As part of its endeavour to help build better cities for tomorrow´s world, Lafarge actively addresses today´s needs for decent and sustainable housing for all.
Lafarge´s Indian chapter of the ´Housing Micro Finance Academy´, was launched by Frantois Perrot, Director Affordable Housing, Lafarge, and Friedemann Roy, Global Product Lead Housing Finance-IFC in Mumbai.
Speaking on the occasion, Perrot stated, ¨Micro-finance has to be regarded as a business to be sustainable; while creating positive social impact. Lafarge´s Housing Microfinance model is tailored to local conditions and has been successful in over 10 countries.¨
A world leader in building materials, Lafarge introduced the model in 2014 and plays two critical roles--providing construction technical assistance to the low-income borrowers and connecting them to their network of reliable building materials retailers. Lafarge´s objective is to facilitate access to affordable and sustainable housing for 2 million people by 2020.
The ´Housing Microfinance Academy´ initiative was launched in partnership with International Finance Corporation (IFC), a member of the World Bank Group, and the largest global development institution focused exclusively on the private sector. There are plans to have these academies in more countries in the coming months. On May 12, 2015, the inauguration was followed by a day-long workshop on how players in micro-finance could increase the value for customers by diversifying existing lending activities.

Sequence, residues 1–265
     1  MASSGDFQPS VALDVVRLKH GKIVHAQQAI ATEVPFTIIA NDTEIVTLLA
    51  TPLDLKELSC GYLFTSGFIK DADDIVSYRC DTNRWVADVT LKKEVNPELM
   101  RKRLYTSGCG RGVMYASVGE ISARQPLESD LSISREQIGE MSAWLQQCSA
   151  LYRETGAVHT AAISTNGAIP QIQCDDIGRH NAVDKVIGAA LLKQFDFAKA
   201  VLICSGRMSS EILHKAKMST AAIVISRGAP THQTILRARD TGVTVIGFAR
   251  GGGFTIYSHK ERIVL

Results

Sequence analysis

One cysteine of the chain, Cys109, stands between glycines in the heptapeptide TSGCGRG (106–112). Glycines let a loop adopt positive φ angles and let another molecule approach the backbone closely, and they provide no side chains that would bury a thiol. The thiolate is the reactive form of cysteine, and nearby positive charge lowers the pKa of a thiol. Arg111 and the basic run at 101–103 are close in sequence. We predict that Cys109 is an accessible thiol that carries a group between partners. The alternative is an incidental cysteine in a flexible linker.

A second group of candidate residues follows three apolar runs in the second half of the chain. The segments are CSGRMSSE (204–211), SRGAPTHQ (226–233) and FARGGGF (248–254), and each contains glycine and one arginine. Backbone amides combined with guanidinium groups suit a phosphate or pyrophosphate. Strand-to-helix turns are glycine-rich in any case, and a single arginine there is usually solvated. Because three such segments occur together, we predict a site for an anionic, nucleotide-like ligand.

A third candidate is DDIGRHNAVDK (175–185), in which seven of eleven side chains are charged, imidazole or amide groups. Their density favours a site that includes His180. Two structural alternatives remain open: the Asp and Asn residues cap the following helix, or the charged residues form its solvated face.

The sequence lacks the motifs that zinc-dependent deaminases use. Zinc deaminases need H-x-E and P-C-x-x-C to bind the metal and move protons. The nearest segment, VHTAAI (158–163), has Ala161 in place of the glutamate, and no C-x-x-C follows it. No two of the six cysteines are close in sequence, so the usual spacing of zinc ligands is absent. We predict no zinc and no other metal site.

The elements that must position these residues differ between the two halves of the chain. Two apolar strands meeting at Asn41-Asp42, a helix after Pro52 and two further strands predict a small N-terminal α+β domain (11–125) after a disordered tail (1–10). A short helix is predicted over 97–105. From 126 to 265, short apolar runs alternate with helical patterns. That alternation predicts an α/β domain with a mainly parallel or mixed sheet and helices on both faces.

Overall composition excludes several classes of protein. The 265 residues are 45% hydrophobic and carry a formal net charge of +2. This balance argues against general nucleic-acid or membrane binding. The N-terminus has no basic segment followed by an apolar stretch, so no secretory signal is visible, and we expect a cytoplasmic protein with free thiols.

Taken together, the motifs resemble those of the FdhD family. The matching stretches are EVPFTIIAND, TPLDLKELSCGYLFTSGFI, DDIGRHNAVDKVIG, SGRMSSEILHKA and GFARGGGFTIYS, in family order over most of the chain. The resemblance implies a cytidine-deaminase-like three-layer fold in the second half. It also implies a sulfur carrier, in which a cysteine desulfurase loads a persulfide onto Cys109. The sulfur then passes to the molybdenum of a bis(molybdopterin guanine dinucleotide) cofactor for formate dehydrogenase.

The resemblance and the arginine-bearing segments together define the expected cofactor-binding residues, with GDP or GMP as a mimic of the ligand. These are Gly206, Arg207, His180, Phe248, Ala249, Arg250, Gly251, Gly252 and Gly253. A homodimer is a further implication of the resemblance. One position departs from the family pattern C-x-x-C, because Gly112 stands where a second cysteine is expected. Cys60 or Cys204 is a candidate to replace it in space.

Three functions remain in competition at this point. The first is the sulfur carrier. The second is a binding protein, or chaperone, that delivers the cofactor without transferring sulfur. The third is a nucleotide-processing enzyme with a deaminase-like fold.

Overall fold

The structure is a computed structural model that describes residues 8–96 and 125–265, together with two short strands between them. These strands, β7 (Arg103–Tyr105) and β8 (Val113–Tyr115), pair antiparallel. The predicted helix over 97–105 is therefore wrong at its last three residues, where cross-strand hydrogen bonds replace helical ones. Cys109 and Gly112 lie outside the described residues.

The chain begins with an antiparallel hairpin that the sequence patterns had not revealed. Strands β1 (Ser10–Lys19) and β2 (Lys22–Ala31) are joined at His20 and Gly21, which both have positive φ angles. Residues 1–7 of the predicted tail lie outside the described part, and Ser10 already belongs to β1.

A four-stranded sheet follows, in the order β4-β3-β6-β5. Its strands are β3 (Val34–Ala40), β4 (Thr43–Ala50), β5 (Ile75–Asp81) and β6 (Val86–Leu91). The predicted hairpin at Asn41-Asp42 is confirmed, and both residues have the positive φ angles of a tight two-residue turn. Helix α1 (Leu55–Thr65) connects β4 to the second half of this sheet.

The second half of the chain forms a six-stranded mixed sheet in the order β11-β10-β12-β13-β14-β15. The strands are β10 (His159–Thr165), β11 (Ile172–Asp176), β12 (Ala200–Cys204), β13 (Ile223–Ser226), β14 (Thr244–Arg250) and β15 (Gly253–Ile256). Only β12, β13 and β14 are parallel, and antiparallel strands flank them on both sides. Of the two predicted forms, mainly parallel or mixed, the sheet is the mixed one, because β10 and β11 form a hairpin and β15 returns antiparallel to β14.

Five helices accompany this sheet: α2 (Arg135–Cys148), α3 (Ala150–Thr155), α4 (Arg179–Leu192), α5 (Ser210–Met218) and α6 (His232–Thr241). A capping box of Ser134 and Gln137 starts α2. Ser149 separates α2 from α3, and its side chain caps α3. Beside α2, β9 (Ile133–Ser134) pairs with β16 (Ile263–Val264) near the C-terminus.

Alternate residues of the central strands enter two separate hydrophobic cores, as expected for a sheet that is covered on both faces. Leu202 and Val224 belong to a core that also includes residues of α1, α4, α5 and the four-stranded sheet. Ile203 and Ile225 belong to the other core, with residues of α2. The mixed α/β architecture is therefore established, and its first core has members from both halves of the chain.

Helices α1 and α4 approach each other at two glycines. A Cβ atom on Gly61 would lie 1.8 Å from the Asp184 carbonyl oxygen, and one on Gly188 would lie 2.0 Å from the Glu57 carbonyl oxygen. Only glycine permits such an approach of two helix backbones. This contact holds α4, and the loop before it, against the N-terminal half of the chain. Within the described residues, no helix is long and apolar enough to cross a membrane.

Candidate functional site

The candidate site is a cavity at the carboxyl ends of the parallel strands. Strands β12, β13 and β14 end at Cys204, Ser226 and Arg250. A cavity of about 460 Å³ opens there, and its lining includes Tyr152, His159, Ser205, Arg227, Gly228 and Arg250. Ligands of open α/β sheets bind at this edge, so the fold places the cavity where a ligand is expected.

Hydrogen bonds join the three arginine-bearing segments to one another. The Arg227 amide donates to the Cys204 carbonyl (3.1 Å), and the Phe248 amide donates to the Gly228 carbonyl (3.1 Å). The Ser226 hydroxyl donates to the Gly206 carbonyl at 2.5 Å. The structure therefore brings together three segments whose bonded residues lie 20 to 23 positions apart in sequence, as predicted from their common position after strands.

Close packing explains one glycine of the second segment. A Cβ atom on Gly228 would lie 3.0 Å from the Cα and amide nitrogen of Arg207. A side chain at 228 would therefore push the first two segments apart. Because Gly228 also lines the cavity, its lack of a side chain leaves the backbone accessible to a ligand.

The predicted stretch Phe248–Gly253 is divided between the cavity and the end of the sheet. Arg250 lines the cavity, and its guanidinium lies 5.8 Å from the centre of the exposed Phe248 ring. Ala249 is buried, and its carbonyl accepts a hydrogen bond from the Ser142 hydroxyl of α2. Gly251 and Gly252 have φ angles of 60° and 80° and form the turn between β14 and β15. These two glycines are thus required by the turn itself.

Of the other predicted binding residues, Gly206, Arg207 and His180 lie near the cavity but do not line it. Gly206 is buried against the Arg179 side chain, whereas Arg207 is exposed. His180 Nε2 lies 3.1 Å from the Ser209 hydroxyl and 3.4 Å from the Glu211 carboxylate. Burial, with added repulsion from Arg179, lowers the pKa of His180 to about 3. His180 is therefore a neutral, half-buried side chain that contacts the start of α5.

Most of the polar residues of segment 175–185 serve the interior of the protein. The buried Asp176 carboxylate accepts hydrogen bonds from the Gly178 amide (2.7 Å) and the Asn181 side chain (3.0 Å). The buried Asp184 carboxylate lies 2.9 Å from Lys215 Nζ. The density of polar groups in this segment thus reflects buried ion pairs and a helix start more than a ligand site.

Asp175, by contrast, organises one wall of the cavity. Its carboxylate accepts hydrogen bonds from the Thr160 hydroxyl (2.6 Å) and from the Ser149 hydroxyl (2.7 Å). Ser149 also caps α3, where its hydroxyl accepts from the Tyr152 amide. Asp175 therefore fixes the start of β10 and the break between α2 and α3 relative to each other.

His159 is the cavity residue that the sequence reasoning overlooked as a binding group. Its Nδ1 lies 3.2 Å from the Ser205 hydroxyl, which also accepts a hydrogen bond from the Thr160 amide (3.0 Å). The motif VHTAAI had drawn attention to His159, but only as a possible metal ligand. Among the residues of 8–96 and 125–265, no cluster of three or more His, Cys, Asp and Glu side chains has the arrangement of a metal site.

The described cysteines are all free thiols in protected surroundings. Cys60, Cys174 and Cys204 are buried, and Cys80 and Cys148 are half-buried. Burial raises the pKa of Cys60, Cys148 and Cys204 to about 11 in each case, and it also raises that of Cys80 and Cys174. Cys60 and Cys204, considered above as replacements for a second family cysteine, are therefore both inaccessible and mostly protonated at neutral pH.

Attended by leading housing, mortgage and financial institutions, the session covered the role and importance of micro-finance for diversifying lending activities; the best practices in housing micro-finance in India and abroad including Bangladesh, Indonesia, Morocco, Nigeria, Philippines, Serbia, Sri Lanka and Zambia, where micro-finance projects for affordable housing are already in place.
Additionally, a case study from Indonesia was showcased and participants discussed the need to evolve new business models where housing finance companies, developers and construction companies could collaborate.
Extract From The Report Of Mckinsey Global Institute On Affordable Housing.....
Defining affordable housing the McKinsey Global Institute (MGI), The definition of ¨affordable housing¨ varies across economies, but generally it includes a financial component (the share of income devoted to housing), a standard for what constitutes minimum socially acceptable housing with a clear idea of what income groups are affected, and at what income level households should be eligible for housing assistance. The definition should accommodate a range of sizes, tenure options (purchase vs. rental), and affordability thresholds that take into account households of different sizes and incomes in the area. In many parts of the world, ¨affordability¨ is defined as housing costs that consume no more than 30 to 40 percent of household income; we use 30 percent for our estimates. A basic socially acceptable standard housing unit is defined by a particular community´s view of what is required for decent living and this varies by city. How much floor space is required in a standard unit reflects consumer choices, market conditions, and regulatory constraints. The definition should also include minimum standards for basic amenities (running water, a toilet) as well as access to essential social services such as schools and health clinics.
Housing Micro finance Academy